The business cycle is maturing but has not ended yet. It is probably entering the late-cycle stage, according to Stouff capital’s estimates. Their US Long-Term Macro Index gauge reached the 90% threshold, an early indicator for economic recessions. That’s relevant because recessions had a perfect track record for bear markets in stocks. Every NBER recession in the past 170 involved a bear market in US stocks.
Nonetheless, entering the late stage of the business cycle does not imply that equities are in a bear market. On the contrary, equities developed positively during the late stage of the business cycle during the past century. The recession stage of the business cycle is the time window that investors want to avoid if they believe in statistical evidence. Other leading indicators, which have been reliable historically, do not signal an imminent recession yet. The labor market has been constructive until the last report. Moreover, the conference board Leading Economic Index (LEI) marked an all-time high on its latest reading. Historically, the labor market and the LEI reached their cycle peak several months ahead of the economy. Most often, both indices peaked even ahead of the US stock market before the US economy went into recession. Likewise, the yield curve is not flashing recessionary signals yet. Historically, it inverted shortly before a recession arrived and was also a leading indicator for cyclical stock market highs. That’s neither the case today.
However, equities corrected 5%-10% from their most recent highs into early December. The drop was not surprising because the market was running hot, as explained in our mid-November article. Sentiment and technical indicators signaled an imminent 5%-10% correction. Nonetheless, the correction is probably not finished short term. Some more weakness remains the base case during the next couple of weeks.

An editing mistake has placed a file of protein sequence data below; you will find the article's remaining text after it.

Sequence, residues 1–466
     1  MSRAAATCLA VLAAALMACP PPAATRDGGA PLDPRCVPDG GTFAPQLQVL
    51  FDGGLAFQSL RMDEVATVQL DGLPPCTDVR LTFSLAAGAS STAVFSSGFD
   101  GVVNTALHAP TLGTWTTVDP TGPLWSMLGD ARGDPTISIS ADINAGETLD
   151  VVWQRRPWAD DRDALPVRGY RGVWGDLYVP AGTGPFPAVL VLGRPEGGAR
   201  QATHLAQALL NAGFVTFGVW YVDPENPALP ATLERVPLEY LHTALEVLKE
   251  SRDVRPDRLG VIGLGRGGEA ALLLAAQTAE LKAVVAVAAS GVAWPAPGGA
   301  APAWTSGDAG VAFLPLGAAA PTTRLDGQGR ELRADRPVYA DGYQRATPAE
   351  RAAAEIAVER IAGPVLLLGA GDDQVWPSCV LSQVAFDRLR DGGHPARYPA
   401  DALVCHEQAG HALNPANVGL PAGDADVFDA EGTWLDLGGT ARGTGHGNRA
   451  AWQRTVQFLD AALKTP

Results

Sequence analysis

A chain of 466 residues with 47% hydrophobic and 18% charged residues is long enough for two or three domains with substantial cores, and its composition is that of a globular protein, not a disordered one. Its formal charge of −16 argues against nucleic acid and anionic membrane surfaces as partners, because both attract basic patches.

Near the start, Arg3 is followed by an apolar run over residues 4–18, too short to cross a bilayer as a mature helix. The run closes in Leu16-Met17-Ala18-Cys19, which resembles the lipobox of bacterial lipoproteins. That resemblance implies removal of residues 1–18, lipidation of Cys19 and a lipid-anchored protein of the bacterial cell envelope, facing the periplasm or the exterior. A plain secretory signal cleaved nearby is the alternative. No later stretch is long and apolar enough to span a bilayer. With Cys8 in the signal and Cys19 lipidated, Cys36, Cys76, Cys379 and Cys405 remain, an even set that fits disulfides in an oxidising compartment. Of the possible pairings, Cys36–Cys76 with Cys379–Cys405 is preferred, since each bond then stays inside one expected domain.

Moreover, there is something peculiar about the current cycle. It is unfolding at an unprecedented speed. Therefore, the late-cycle stage may surprise many by not lasting as long as it usually does. Further, the current environment might prove extraordinarily challenging for central banks as inflation increases rapidly. The chart above shows that European purchasing prices are more than 20% higher versus last year. That’s the steepest increase of the index since the ’70s. The ’70s were the latest period that recorded double-digit inflation after the breakup of the Bretton-Woods exchange-rate system. Inflation pressure is also mounting in the United States as well. Not only do goods become expensive due to supply shortages, but services also joined the party lately. The development is a problem for central banks as they have no effective tools against supply-side shortages. Consequently, we are unlikely to witness monetary easing short-term. That has been a headwind for equities in recent years. Yet again, that’s not a hit-and-run event and we are not there yet. Historically, equities reached their cyclical high typically well after the initial rate hike.
Technicals support the macro evidence outlined above. Most of the major indices probably unfolded bearish Elliot waves from their November highs. The S&P 500 counts best as an extending leading diagonal into the December 6th low. That’s a signal that the short-term correction may not be over yet. The pattern will probably morph into a three-wave corrective leg towards 4250-4390 instead.
All in all, there is potential for more damage short term. Technical evidence hints at another attack at the 4390 S/R before seeing the next sustainable leg up. Time will tell if it that will be the last leg up before the cycle ends. Some of the macro indicators discussed above will probably provide further hints before things turn sour. The bottom line is that the bull trend is most likely intact despite further short-term correction potential.